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Published: February 19th 2018
We leave our hotel a bit later than scheduled this morning, as our Canadian traveling companions, Frank and Joanne, are staying on the other side of the river, which entails a two way trip across the wooden suspension bridge, which having a one-way flow takes almost an hour. It's the only route out of town.
Nevertheless, we are on the road before 10am and after thanking our hotel's very helpful Manager for his help in liaising with our transport and driver, we are on our way to Luang Prabang, the cultural capital of Laos! The official distance is about 185kms and by booking a private minivan between the four of us, and taking the 'new road', route 14, we hope to shave off 2-3 hours from the average journey time, arriving after around 4 hours.
We are relaxed, have a careful driver and time passes quickly as conversation flows and everything is going to plan. After a couple of hours, the road steepens noticably and winds, and steepens, and winds....... poor Joanne is suffering with travel sickness and in spite of wearing her c-bands, pops an anti-nausea pill, and eventually needs to change seats to help her vision and
help settle her equilibrium. Rounding yet another s-bend, we suddenly find ourselves at a standstill, joining a line of stationary vehicles, cars, trucks, minibuses, and lorries. We have hit the narrow section of road where the southbound and northbound traffic have to take turns in sharing. All commuters, excluding Buffalo, leave their vehicles and admire the views, the gradient bring so steep, our Driver puts rocks behind the van's rear wheels to prevent us rolling backwards. The high altitude makes us all feel slightly nauseous. Roughly 45minutes later it's all systems 'go' for us northbound traffic, so clamber back on board and off we go.
The long delay is due to the increased Chinese tourists, enjoying New Year celebrations, our driver explains that it is not always this busy. It is a great lookout point, so we don't mind too much. The next few minutes are a bit hairy. Due to the rough road surface and steep gradient, some vehicles break down, overheating clutches and burning brake pads. After one large truck stops, leaving only a narrow channel for the rest of the smaller vehicles to squeeze through, it becomes a wacky 'free for all', with wheels spinning, accelerator
pedals to the floor, we join a determined, dusty line of vans, nobody daring to slow down for fear of breaking down, rolling backwards, or worse! We make it!
It is almost 1pm. Within ten minutes the road levels and we stop at a rest stop/view point, giving our poor van a chance to recover and cool down. Peering across the misty mountain range below us, we can still see the backlog of vehicles and witness the havoc that the broken down vehicle is causing and feel thankful we got through. We thank our Driver for his experience and skilful navigation.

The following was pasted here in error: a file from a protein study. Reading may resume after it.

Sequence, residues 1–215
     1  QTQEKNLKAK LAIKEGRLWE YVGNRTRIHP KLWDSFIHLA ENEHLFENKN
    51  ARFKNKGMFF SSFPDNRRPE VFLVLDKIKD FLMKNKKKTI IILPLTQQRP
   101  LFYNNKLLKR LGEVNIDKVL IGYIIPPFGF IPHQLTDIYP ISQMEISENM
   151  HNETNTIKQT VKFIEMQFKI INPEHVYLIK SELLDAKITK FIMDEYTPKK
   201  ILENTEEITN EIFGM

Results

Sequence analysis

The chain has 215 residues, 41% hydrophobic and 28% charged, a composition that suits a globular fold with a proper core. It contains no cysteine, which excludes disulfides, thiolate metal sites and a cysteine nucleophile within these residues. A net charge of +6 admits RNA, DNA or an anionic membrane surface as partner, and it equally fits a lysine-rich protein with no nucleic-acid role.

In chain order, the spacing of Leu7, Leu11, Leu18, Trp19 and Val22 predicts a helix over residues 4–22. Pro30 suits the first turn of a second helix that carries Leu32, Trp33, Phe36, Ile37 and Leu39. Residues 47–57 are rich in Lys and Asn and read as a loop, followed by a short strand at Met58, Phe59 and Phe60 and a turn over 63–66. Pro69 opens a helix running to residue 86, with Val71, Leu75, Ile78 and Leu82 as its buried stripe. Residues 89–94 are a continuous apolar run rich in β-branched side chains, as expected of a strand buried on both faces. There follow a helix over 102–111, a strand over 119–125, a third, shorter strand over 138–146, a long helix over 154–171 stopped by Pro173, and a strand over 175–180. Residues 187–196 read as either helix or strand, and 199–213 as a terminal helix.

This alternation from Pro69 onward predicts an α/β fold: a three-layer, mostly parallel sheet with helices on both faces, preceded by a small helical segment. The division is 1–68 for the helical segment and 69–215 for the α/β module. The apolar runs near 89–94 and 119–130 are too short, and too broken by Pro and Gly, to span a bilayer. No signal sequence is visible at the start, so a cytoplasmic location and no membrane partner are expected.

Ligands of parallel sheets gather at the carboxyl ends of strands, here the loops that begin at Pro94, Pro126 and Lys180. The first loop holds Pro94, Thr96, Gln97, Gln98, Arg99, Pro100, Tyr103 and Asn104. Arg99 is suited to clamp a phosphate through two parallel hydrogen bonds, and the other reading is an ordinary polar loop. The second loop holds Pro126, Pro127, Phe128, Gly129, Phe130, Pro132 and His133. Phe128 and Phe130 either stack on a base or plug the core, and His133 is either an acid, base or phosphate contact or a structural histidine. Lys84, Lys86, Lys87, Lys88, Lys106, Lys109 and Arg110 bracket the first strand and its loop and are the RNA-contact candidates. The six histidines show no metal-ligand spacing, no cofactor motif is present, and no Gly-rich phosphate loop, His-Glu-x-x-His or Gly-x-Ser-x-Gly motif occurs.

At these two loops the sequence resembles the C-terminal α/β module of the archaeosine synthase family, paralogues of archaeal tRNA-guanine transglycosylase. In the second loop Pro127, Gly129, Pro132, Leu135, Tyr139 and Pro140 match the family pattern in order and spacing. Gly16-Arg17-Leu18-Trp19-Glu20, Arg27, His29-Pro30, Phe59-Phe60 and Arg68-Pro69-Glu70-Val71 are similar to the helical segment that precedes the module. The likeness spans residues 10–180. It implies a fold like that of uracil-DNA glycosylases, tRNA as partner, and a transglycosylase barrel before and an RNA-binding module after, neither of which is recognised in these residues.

He cheerfully informs us we have only two and a half hours left to go.
The terrain up here is absolutely beautiful and as we start our descent from what was the highest point of our journey, we pass lush forests, newly planted paddy fields and evidence of village life begins to appear all around us. Joanne is still suffering and goes quiet, concentrating on keeping hold of her breakfast, but we three are enjoying the scenery and the time passes quickly.
Dropping off Joanne and Frank at their accommodation on the peninsular side of
town, facing the Nam Khan river, then Leo and I on our Mekong side, we thank our Driver profusely for safe deliverance and wish him a safe journey back to Vang Vieng. (Rather him than us! We are relieved that we won't have to make a return trip as we fly out of Luang Prabang later).
Our guesthouse warmly welcomes us, we have a comfortable riverview room and unpack. It's now almost 4pm and we can't wait to take a look around town. Our simple map shows a very straight forward network of parallel roads and narrow interconnecting alleyways, so we hope not to get lost.
First impressions, we know we are going to love Luang Prabang. We are staying in Old Town and as we stroll, we admire the style of the buildings, most are beautifully restored French Colonial houses, either private residences, guest houses, art, jewelry, silk galleries, restaurants, coffee shops, just an explosion of colours, sounds, quite breath-taking. And so clean! We have visited a few towns and cities across much of Asia, and we both agree, this has to be THE cleanest town/city we have come across so far.
Not wishing to rush
things too much on our first afternoon/evening and feeling quite hungry, we find a pavement bar/restaurant and, realising there is a heavy French influence to the menu, share a French Charcuterie platter with a basket of thinly sliced fresh baguette, washed down with a beer and glass of (Chilean) red wine.
Feeling nicely sated, the lights of the night market beckon and another surprise for our senses, it's absolutely huge. The goods on offer are so diverse. We are not buying tonight, I'm not sure we could make any sensible decisions as there is a mind-blowing selection, everything Asian, everything ethnic, it's here! We don't get to the end of this pedestrianised market, and judging by the distant glow of stall lights, it could go on for ever. To be explored another evening, for sure! We congratulate ourselves in adding Luang Prabang to our Laotian itinerary, and make our way back to the guest house for a much needed night's rest.
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